In this article I will address the specific issue of leveraging private financing and investment for economic and community development, primarily in disadvantaged urban neighborhoods that are not generally thriving through the normal operations of private market activity.  These are communities that need some additional public assistance to promote new investment in business growth and job creation, affordable housing and homeownership, transportation and infrastructure, stores and services, schools and safety, environment and amenities, and all of the other features that generate, sustain, and enhance economic prosperity and quality of life for everyone.  more

Expanding Local Government Resources for Capital Projects through Municipal Borrowing and other Market-Based Financing

Charles J. Billand

An exciting paradigm shift is emerging in developing and transitional economies.  With increased decentralization and urbanization, local governments have taken on greater responsibility in the provision of basic municipal services.  To help fund education, solid waste management, water and sanitation, and other economic development projects, municipalities have turned to innovative financing mechanisms to meet local demand.  Since central government support cannot finance the service needs of most municipalities, local governments are increasingly turning to: (1) own-source revenues such as taxes, licenses and permits, user fees for services, and municipal assets; and (2) borrowing from private capital markets. This article provides an overview of the paradigm shift that is occurring in many developing countries and the movement towards market-based municipal financing, and serves to assist public officials in designing strategies that increase the supply of local government resources to finance infrastructure, housing, health care, education, economic development, and other services.  more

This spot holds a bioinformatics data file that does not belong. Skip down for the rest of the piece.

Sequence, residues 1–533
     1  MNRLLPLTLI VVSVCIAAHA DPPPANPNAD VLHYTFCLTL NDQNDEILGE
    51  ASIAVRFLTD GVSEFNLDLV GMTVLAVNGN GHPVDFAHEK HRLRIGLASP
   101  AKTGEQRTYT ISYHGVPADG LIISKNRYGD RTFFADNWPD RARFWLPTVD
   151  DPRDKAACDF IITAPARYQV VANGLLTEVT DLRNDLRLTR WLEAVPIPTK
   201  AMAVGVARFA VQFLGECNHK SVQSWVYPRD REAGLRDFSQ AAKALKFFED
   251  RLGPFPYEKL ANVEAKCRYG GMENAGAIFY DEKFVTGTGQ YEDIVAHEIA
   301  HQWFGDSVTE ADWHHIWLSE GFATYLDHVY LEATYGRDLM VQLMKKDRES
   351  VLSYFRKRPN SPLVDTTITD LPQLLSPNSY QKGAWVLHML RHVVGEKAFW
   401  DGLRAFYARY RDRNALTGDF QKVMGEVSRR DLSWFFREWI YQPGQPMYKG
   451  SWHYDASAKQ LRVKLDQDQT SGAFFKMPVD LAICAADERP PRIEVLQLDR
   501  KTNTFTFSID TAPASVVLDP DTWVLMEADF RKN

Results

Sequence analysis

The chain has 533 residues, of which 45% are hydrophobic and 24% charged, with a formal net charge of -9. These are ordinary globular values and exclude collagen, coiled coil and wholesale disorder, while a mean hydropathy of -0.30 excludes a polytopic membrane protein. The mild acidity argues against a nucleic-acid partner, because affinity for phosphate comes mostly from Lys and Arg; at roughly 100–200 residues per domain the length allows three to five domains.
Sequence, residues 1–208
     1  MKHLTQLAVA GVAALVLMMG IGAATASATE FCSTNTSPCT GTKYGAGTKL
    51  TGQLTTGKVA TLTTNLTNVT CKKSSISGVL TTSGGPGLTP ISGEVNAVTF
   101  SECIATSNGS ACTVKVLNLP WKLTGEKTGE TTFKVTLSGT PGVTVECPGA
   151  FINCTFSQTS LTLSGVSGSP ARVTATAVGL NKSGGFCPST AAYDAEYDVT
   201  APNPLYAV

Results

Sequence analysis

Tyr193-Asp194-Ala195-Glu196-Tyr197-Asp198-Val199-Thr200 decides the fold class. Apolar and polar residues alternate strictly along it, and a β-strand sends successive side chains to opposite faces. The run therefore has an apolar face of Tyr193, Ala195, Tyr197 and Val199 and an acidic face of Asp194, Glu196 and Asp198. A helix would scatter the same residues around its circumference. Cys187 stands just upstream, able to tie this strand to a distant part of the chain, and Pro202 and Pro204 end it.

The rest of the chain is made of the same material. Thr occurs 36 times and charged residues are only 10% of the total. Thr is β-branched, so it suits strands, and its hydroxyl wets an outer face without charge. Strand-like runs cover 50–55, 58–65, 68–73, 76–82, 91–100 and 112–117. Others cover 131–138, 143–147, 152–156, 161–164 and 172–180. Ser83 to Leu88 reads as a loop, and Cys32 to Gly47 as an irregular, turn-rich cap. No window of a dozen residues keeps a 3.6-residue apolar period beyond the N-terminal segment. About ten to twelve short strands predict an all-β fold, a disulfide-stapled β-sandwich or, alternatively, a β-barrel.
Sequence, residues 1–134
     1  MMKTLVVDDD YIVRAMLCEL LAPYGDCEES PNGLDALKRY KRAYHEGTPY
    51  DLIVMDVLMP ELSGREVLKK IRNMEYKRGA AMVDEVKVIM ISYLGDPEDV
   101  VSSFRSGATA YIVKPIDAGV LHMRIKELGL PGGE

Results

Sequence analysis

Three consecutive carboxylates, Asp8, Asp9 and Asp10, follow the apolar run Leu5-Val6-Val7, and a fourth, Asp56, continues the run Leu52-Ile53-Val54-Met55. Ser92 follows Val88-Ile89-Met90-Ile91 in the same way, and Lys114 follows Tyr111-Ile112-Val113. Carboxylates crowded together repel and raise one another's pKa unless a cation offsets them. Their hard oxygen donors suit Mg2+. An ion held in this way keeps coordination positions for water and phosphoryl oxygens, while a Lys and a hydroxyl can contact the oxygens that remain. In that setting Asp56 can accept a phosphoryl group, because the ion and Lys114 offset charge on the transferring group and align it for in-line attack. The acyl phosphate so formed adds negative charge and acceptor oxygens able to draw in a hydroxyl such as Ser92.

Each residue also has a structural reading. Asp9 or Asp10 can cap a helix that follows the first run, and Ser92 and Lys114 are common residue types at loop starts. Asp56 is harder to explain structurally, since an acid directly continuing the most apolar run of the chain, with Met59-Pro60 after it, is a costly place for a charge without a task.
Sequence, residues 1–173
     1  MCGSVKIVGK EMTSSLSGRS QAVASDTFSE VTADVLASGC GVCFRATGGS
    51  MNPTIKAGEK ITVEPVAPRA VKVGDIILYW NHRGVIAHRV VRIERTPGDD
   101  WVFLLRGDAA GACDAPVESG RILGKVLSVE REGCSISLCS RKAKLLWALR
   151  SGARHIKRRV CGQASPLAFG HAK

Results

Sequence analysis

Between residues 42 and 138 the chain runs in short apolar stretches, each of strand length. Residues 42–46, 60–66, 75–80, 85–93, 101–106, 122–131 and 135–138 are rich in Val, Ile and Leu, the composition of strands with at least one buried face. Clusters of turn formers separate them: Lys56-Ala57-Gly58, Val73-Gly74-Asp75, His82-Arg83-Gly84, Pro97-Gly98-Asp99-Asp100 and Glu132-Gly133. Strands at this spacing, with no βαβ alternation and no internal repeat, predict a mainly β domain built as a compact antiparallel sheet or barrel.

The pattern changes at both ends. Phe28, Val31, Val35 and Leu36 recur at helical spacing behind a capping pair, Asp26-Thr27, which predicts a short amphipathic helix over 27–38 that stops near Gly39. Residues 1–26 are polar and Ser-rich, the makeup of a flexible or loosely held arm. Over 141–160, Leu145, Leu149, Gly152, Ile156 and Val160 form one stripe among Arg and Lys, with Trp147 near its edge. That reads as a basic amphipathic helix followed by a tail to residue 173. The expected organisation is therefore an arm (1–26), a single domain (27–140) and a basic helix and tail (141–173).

The Seattle Region’s Study Mission to Dublin: Learning from Ireland’s Success in Competing for Employment and Income Growth in the Global Economy

William B. Stafford and Sam Kaplan

International trade is a vital part of the economy of the Puget Sound Region centered around Seattle, Washington.  This globalized economic perspective is the foundation for the Greater Seattle International Study Mission program initiated in 1992.  Annual delegations composed of metropolitan Seattle’s leaders from government, business, education, communications media, labor, and the non-profit sector, visit dynamic urban regions in other countries for an entire week, to learn from their successes and failures. Seattle’s most recent International Study Mission in May 2005 was to Dublin.  Ireland is a particularly interesting example for the Puget Sound Region.  Metropolitan Dublin and the Republic of Ireland have experienced recent success and now must confront new competitive challenges in an increasingly globalized world.  more


Producing Environmentally Sustainable Olympic Games and ‘Greening’ Major Public Events

Tom Roper